A SCOTS shell firm was used to funnel thousands of pounds to the London-based daughter of a judge linked to one of the biggest money-laundering schemes ever revealed.

Investigators uncovered the payments as they dug deeper in to the scheme, the elaborate Russian Laundromat, which saw at least $20 billion of dirty money flushed out of the former Soviet Union.

The laundering was only made possible by alleged judicial corruption in Moldova and the ease at which its organisers could create ghost companies to receive payments, especially in Scotland.

The Herald:

Now journalists from the Organised Crime and Corruption Reporting Project(OCCRP) have revealed that what they claim is money from the scheme ended up paying the rent or in the bank account of a Moldovan student Mihaela Muruianu. Her father, Ion, once headed the judiciary in the former Soviet republic and has previously referred to journalists as “rabid dogs”.

The OCCRP and its sister organisation in Moldova, RISE Moldova, found two firms named in the Laundromat had paid for Ms Muruianu’s luxury flat in London.

Rent payments totalled $130,000 (£97,000 today).

Annual rents were bigger than the judge’s declared income.

OCCRP and RISE Moldova also found that Ms Muruianu had received $28,000 (£21,000 today, from another firm, Edinburgh-based Carditeks Commerce for “audit consultancy” services.

The dollar payments were made before the pound’s collapse in 2016.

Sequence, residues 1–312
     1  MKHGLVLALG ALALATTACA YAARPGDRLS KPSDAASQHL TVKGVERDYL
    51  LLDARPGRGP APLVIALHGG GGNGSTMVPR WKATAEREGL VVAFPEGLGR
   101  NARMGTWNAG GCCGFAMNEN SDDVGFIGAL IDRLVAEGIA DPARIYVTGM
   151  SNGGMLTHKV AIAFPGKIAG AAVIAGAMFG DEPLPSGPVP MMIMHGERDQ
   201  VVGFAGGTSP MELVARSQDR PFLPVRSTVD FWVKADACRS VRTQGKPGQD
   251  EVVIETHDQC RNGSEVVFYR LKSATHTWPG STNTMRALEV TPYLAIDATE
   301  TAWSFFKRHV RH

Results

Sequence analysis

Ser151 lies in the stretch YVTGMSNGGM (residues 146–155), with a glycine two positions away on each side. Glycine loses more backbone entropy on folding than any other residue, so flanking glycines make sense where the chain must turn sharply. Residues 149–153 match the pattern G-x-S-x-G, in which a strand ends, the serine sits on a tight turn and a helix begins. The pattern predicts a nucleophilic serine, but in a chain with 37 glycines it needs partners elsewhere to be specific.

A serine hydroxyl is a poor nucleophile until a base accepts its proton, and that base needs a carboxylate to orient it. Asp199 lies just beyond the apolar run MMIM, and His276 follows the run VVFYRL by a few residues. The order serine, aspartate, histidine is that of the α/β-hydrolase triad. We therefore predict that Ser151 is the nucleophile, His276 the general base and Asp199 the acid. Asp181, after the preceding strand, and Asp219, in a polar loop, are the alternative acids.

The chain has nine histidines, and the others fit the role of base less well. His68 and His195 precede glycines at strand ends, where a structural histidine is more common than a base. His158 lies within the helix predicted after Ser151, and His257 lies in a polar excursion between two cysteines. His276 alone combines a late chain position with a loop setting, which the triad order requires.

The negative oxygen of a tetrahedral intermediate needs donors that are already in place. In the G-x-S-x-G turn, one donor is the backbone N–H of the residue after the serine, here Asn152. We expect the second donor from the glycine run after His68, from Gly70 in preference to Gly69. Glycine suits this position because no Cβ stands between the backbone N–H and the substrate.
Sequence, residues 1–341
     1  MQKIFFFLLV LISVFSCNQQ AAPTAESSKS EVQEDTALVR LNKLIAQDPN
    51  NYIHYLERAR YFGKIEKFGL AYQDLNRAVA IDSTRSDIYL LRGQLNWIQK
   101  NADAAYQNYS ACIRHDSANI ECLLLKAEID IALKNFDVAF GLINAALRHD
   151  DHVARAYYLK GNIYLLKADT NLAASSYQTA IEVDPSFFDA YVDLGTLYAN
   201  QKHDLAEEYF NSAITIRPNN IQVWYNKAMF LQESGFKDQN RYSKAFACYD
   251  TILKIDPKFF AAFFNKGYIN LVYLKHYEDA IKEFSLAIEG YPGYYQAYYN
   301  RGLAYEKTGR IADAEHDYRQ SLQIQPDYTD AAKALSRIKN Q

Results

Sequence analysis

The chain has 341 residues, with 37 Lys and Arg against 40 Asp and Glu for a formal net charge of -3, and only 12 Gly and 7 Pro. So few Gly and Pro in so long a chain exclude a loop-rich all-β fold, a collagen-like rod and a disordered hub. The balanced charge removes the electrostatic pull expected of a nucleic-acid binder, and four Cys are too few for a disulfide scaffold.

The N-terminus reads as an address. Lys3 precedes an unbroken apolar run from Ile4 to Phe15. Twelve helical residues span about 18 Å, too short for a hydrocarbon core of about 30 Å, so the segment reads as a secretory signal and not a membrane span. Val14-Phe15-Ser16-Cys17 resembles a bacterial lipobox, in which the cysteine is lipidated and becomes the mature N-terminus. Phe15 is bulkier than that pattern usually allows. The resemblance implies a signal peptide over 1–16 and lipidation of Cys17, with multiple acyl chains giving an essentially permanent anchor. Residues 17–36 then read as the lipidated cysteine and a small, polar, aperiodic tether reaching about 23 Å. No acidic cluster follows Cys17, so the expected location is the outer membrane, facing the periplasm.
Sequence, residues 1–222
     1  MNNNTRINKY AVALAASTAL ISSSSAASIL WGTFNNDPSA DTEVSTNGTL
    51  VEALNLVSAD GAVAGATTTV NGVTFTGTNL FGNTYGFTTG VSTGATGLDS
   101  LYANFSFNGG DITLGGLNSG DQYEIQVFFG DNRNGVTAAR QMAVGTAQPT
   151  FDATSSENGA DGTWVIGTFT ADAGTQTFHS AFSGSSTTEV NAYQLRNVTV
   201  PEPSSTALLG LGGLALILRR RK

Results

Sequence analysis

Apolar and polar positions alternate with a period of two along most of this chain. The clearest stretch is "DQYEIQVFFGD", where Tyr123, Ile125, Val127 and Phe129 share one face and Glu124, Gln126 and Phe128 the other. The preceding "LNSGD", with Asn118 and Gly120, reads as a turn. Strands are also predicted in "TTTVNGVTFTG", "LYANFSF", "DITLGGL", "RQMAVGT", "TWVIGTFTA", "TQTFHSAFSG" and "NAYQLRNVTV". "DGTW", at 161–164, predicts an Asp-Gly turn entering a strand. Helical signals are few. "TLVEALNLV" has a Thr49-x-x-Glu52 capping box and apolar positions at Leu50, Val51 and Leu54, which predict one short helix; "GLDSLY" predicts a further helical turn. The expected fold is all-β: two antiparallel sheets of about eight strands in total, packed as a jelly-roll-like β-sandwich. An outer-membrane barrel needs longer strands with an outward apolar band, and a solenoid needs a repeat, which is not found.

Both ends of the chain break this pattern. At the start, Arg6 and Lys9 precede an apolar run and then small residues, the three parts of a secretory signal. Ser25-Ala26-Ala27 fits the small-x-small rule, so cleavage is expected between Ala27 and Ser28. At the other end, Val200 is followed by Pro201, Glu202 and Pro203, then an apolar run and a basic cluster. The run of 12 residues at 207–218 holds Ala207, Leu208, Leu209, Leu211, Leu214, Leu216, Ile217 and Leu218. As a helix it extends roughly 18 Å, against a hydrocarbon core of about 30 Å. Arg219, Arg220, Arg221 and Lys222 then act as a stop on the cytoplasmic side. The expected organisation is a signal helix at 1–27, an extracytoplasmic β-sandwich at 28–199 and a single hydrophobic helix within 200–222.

This business, now dissolved, is a Scottish limited partnership, or SLP, a kind of firm whose real owners can pay no taxes, file no accounts and, until recently, remain anonymous.

Earlier this year The Herald, using raw data from the OCCRP, revealed that some £4 billion from the Laundromat was flushed through shell firms, both limited companies and limited partnerships, registered in Scotland.

Rise Moldova asked both the judge and his daughter about the payments. Both said they knew nothing about the Russian Laundromat.

Ms Muruianu denied any knowledge of the firms used.

She told journalists: “I do not know the kind of activity these companies are involved in or who their founders are.”

Ms Muruianu said the money paid for the apartment was part of an agreement her father made with a mystery Moldovan businessman.

She said: “The essence of the deal, from my father’s words, is that my potential employer pays a part of [my] rent expenses … and after my studies, and three years of internship in a British company … which will be completed in 2019 … I agree to work in the Republic of Moldova for a period of five years, mainly in the banking sector,” she said.

"The deal was concluded in my absence and it was confidential, so I am not aware of the rest of the details, including the businessman’s identity.”

Mr Muruianu, initially claimed his daughter and her husband paid their own rent before clarifying there was indeed a deal with an unnamed entrepreneur.

One of the core firms used in the Laundromat was a Scottish shell company called Westburn Enterprises, according to OCCRP material. It received some $500 million after Moldovan judges authorised Russian firms to hand over the money.

Westburn was also named in a parallel investigation in to the Azerbaijani Laundromat.

The OCCRP/RISE Moldova investigation found some of the money was transferred to a bank account belonging to a firm in Birmingham which was then passed some $102,000 to a firm in London. This cash then went to an estate agency which handled Ms Muruianu's rent.